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CORRESPONDENCE
Year : 2012  |  Volume : 57  |  Issue : 4  |  Page : 322-323
Clinicomycological study of 150 cases of dermatophytosis in a tertiary care hospital in South India


Mysore Medical College and Research Institute, Mysore, India

Date of Web Publication29-Jun-2012

Correspondence Address:
H Hanumanthappa
Mysore Medical College and Research Institute, Mysore
India
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Source of Support: None, Conflict of Interest: None


DOI: 10.4103/0019-5154.97684

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How to cite this article:
Hanumanthappa H, Sarojini K, Shilpashree P, Muddapur SB. Clinicomycological study of 150 cases of dermatophytosis in a tertiary care hospital in South India. Indian J Dermatol 2012;57:322-3

How to cite this URL:
Hanumanthappa H, Sarojini K, Shilpashree P, Muddapur SB. Clinicomycological study of 150 cases of dermatophytosis in a tertiary care hospital in South India. Indian J Dermatol [serial online] 2012 [cited 2019 Jul 23];57:322-3. Available from: http://www.e-ijd.org/text.asp?2012/57/4/322/97684


Sir,

Cutaneous fungal infections have been reported worldwide as being one of the most common human infectious diseases in clinical practice. In spite of therapeutic advances in the last decades, the prevalence of cutaneous mycoses is still increasing. [1] The skin constitutes the main site of recognizable fungal infections in humans. [2]

The present study is undertaken with a view to identify and isolate the species of the fungi from the clinical specimens. One hundred and fifty patients, clinically suspected for dermatophytosis, attending the outpatient department of our hospital, who consented to the investigations, were studied for a period of 18 months after approval from the Institution Ethical Committee.

A detailed clinical history, general physical, and systemic examination were conducted in all cases and investigations were carried out whenever necessary. All new cases of dermatophytosis, who gave consent for required investigations, were included in the study after excluding patients on antifungal treatment and non-dermatophytic fungal infections.

The specimen collected was subjected to potassium-hydroxide (KOH) wet preparation of various concentrations depending on the type of clinical specimen for the presence of fungal elements. Following this, the specimen was inoculated into three sets of test tubes - Sabouraud dextrose agar with 0.05%, chloramphenicol with and without 0.5% cycloheximide, and the third to a dermatophyte test medium. If no growth was found after four weeks, it was taken as negative for growth of fungi.

Fungal isolates were identified based on the colony morphology, pigmentation, growth rate, microscopy, slide culture, urease test, hair perforation test, and rice grain test.

Incidence of dermatophytosis in the present study constitutes 6.09% among the patients attending the outpatient department of skin and STD. Dermatophytosis was common among the age group of 21-30 years (24%) with a male to female ratio of 1.94 : 1, which was similar to other studies by Singh S et al. [2] A majority of the patients were manual laborers (30.6%) from a rural background (54.6%) and belonged to the lower socioeconomic status (65.4%). Tinea corporis was the most common clinical type with 33.3%, and Tinea capitis was more common in the age group of less than 10 years (94.1%).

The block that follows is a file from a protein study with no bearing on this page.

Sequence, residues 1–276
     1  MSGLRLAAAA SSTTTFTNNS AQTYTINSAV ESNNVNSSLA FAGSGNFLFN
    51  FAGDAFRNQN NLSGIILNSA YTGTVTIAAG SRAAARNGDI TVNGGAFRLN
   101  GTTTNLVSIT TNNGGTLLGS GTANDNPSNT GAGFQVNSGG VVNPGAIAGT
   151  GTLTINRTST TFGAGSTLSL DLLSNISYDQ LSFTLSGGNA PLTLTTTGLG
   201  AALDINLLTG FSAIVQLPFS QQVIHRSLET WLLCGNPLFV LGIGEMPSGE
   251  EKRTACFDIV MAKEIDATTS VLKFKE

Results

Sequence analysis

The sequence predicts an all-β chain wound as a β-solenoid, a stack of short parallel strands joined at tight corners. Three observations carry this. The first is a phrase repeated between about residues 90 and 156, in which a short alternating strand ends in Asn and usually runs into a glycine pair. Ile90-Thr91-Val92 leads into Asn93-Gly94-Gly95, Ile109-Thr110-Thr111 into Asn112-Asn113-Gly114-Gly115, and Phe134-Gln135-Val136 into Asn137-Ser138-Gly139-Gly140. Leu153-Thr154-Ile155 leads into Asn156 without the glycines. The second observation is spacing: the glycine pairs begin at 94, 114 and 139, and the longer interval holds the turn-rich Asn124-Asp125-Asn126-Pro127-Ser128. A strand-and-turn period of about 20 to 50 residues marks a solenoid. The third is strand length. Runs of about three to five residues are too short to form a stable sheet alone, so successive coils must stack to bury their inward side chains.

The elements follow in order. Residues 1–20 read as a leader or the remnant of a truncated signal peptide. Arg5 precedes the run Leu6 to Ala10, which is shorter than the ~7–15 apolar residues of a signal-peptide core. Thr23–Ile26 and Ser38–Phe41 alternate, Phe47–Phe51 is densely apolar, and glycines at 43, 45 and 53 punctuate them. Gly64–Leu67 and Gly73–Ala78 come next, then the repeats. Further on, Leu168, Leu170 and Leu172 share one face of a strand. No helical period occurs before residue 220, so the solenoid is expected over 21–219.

The results of KOH and fungal culture were as per [Table 1]. The clinicomycological correlation was seen in only 48.6% as in [Table 2].
Table 1: KOH and culture findings

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Table 2: Dermatophytes isolated in relation to clinical types

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Trichophyton rubrum was the most common isolate (58.9%) followed by Trichophyton mentagrophytes (24.6%), which was comparable to a study by Venkatesan et al. [3] The highest culture isolate was seen in Tinea corporis, in 43.8% of the cases. These culture results were almost comparable with the studies by Bindu. [4] In the present study, however, the percentage of M. gypseum was higher, which could be due to the patients' interaction with soil and domestic animals.

The Wood's lamp examination was performed in eight out of seventeen cases of tinea capitis. All the eight cases were negative for fluorescence. The common isolate of Tinea capitis in the present study was T. tonsurans (80%). The diagnosis of Tinea capitis caused by the Trichophyton species with Wood's lamp was difficult, as the infected hair did not exhibit the characteristic fluorescence.

To conclude, the present study shows that tinea corporis is the most common clinical type of dermatophytosis and Trichophyton rubrum is the most common isolate in this part of South Karnataka.

 
   References Top

1.Valdigem GL, Pereira T, Macedo C, Duarte ML, Oliveira P, Ludovico P, et al. Atwenty year survey of dermatophytoses in Braga, Portugal. Int J Dermatol 2006;45:822-7.  Back to cited text no. 1
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2.Singh S, Beena PM. Profile of dermatophyte infections in Baroda. Indian J Dermatol Venereol Leprol 2003;69:281-3.  Back to cited text no. 2
[PUBMED]  Medknow Journal  
3.Venkatesan G, Singh R, Murugessan AG, Janaki C, Shankar GS. Trichophytonrubrum-the predominant etiological agent in humandermatophytoses in Chennai, India. Afr J Microbiol Res 2007;1:9-12.  Back to cited text no. 3
    
4.Bindu V. Clinico-mycological study of dermatophytosis in Calicut. Indian J Dermatol Venereol Leprol 2002;68:259-61.  Back to cited text no. 4
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